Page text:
Mr. Hain

I remind the hon. Lady that her Government sold Hawk jets to Zimbabwe as, indeed, they sold arms to virtually every country on any basis—Suharto in Indonesia, for example. We have repeatedly made clear our anxiety about denial of human rights in Zimbabwe and we have consistently been concerned and made representations about the failure to establish a proper referendum. I repeat what I said in my initial answer: we want free and fair elections and Zimbabwe launched on a programme for democratic pluralism, including respect for human rights.

Mr. Donald Anderson (Swansea, East)

The Minister has made a robust and principled response. Does he agree that it was unfortunate that Commonwealth Ministers rejected the proposal made at the Heads of Government meeting in Durban last year for an enhanced Commonwealth ministerial action group to deal with such abuses of human rights?

Mr. Hain

My hon. Friend is right. A proposal was put to the Commonwealth and I was at the Commonwealth ministerial action group meeting that agreed to, and strongly supported, the suggestion that its remit should be expanded precisely to cover abuses of human rights and not only military juntas. I hope that the high-level group that has been established as a result of the Durban deliberations can take that agenda forward.

Mr. Mike Gapes (Ilford, South)

Does my hon. Friend agree that there has been a steady deterioration of human rights and more and more authoritarianism during the 20 years in which the regime in Zimbabwe has been in power? Is it not hypocritical of Conservative Members suddenly to notice that now, when we are the first Government to begin to take action against those human rights abuses and authoritarian, anti-democratic practices?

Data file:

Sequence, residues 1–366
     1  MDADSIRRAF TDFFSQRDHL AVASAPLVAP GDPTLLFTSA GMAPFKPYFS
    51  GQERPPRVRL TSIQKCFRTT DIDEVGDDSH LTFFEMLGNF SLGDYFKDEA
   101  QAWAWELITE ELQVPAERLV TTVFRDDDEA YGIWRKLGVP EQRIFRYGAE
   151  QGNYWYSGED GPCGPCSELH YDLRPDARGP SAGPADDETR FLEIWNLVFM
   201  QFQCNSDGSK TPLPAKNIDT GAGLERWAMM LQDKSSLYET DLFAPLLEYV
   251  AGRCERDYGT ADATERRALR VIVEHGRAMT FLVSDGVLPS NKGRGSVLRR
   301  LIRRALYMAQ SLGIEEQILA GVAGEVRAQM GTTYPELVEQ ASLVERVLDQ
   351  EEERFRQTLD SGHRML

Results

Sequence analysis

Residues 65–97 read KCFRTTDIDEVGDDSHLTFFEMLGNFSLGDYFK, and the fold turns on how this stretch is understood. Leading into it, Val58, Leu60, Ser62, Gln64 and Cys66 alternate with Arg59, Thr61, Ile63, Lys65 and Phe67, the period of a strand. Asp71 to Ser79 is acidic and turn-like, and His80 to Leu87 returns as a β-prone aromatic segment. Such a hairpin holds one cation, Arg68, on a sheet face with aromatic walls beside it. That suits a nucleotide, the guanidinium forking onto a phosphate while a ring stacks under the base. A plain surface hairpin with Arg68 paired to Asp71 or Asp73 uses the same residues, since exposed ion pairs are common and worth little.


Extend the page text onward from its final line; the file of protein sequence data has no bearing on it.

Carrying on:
Mr. Hain

My hon. Friend is absolutely right. The Conservatives were in power throughout the 1980s and most of the 1990s when the situation in Zimbabwe deteriorated, but did very little, if anything, to challenge that deterioration. We want Zimbabwe to succeed. It has enormous wealth, infrastructure and skills compared with the rest of Africa and is the best-educated country on the continent. If it reforms its economic policies and commits itself to a democratic future, we shall work with it to achieve that success.

Mr. Menzies Campbell (North-East Fife)

The Minister has rightly referred to the wealth and potential of Zimbabwe. In those circumstances, is it not a matter of profound regret that the people of that country should find themselves short of food, short of fuel, in a deteriorating economy and facing an AIDS epidemic? Will Her Majesty's Government assure the House that they will call upon Mr. Mugabe to observe the results of the referendum? Will they also make it clear that Britain's support depends on the adoption of the principles of good governance and that we expect Harare to observe the principles of the Harare declaration?

Mr. Hain

Yes, we expect the Zimbabwean Government to comply with the results of the referendum, deeply flawed though it was, and with the Harare declaration, in terms of their membership of the Commonwealth. It is also absolutely vital that we see the kind of leadership in Zimbabwe that tackles the AIDS epidemic and deals with the economic failure that has led to fuel shortages and other problems. Without it, Zimbabwe is poised on the edge of an abyss and could go over the edge. That would be very serious for its people and, indeed, for South Africa, its major trading partner, and the whole of Africa. We want Zimbabwe to succeed.